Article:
Refugee Salina became a lawyer: ”Nobody believed in my dream”
Her eyes are shining. It's as if she hasn't yet realised that she has fulfilled her life's ambition. Since October Salina Jamah has been able to call herself a lawyer. Getting there has been hard, but she is driven by something absolutely fundamental: an experience she would really have preferred not to have.
– Everything I experienced as a child, with war, bombs, but also honour killings and that we girls could not live our own lives, has made me passionate about human rights.
At first the wish to become a lawyer was a desire to help herself. Now her dream - and her reality - is to help others. ¨Not many people believed in her dream. Admittedly her parents and teachers admired the girl's ambition, but in reality - what would that look like? She had hardly gone to school before she came to Sweden, she didn't know any English, she didn't know much about maths.And then there was Swedish, of course.
”Salina Jamah””It was an amazing feeling, but unreal, a glimpse of what male and female rights are”
– I got a shock when I started studying law, that language isn't normal Swedish, she laughs today.
Salina's family are Yazidis, a minority in Iraq. When war broke out they had to leave Mosul and move to a little village along with other Yazidis. Her father, an engineer, was threatened and harassed, and was forced to leave the country, leaving his wife and seven children behind.
– These years were hard. We had to help our mother as best we could, Salina tells us.
When she was 12 she came to Sweden and Hässleholm. And soon found out that the ingrained differences in what boys and girls were allowed to do did not exist here.
– It was an amazing feeling, but unreal, a glimpse of what male and female rights are.
Salina realised she would have to study hard to have a chance. The first step was to get a place in the upper secondary school, where she studied on the social studies programme at Linnéskolan. The next step was to gain grades high enough for her to be accepted on the law degree course.
– I improved my grades, I struggled so hard, I refused to give up. It was easy for me to pay no attention to what my classmates did in their spare time. It's worse to be drawn into a war, to see people being killed and women who are suffering.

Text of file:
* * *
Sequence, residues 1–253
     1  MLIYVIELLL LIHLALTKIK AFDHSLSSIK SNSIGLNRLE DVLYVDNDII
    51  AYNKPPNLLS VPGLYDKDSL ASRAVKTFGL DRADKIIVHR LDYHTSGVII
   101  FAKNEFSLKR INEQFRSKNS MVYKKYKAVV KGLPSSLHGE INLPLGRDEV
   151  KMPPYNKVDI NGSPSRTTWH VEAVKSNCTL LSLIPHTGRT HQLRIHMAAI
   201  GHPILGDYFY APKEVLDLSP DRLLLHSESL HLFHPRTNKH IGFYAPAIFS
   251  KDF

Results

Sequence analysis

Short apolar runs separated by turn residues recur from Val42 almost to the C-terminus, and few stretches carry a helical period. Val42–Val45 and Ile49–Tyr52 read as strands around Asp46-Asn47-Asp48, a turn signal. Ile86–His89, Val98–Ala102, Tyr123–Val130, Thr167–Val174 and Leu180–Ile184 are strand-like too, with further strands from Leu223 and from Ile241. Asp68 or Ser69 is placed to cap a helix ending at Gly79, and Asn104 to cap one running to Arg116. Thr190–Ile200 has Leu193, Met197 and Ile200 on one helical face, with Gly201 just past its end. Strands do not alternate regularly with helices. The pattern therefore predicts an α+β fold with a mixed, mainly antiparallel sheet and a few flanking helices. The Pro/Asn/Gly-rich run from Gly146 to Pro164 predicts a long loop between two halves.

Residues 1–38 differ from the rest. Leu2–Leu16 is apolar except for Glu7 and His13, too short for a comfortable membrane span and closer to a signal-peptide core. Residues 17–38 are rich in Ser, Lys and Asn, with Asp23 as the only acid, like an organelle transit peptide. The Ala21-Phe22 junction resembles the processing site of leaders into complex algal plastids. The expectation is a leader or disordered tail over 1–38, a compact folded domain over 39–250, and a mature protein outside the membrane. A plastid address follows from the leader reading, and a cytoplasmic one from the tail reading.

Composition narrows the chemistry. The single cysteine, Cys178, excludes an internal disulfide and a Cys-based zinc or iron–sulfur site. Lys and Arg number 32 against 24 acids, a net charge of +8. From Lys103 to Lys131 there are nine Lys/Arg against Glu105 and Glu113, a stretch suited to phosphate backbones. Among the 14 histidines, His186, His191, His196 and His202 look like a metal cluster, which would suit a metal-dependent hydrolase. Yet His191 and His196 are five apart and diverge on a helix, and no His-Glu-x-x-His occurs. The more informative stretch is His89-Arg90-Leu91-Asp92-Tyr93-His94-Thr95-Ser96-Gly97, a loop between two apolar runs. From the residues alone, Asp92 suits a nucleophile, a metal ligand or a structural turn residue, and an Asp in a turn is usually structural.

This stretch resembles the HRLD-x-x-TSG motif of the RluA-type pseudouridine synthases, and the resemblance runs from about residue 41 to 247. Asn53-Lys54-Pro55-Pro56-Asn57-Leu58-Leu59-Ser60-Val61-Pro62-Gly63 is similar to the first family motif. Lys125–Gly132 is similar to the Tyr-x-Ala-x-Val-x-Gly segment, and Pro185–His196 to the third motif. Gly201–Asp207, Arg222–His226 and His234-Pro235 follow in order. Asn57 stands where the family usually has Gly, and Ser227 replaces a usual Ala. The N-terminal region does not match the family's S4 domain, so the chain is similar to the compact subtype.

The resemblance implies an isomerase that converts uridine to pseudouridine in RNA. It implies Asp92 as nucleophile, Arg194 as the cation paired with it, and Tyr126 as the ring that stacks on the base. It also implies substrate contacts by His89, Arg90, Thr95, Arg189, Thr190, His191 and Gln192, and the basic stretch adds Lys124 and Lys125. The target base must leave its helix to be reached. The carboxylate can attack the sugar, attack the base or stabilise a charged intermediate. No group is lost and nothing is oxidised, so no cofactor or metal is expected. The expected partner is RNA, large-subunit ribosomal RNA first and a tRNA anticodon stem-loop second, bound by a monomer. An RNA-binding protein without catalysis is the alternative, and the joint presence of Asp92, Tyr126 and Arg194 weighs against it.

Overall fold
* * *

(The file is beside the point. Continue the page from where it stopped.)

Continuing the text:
Her first application was not accepted, nor was her second, but she was able to follow a few independent law courses and preparatory studies until she was finally accepted in 2015, in Stockholm.
Salina graduated as a lawyer in 2019, and celebrated by crying for happiness for months. Not only that, she found a job straight away as a junior. lawyer at Kristianstad Advokatbyrå.
– I had succeeded in doing what everyone else thought was impossible..That was the best feeling.
Her aim has always been to work with the law as it affects people. That is what she has worked with so far, for example cases involving immigration, child custody and criminal cases. Complicated cases with people in a difficult situation.
The fact that she is fluent in three different forms of Arabic means that she does not need to use an interpreter. This has made her an asset in the office and she is proud to be able to make use of her whole background in her work.
Considering all the work she has had to do to become qualified, she ought to have a lot of spare time now. So what happens next?
– I don't know. I'm not used to having any spare time. I must come to earth and make the most of it, I suppose. Then I'll get involved in organisations that work for human rights and women's rights.
No plans for lazing around on the sofa, in other words. What is the force that drives you?
– Knowing that I can make a difference for others . And a great feeling of happiness that I've been given the opportunity in a safe country that has provided me with everything.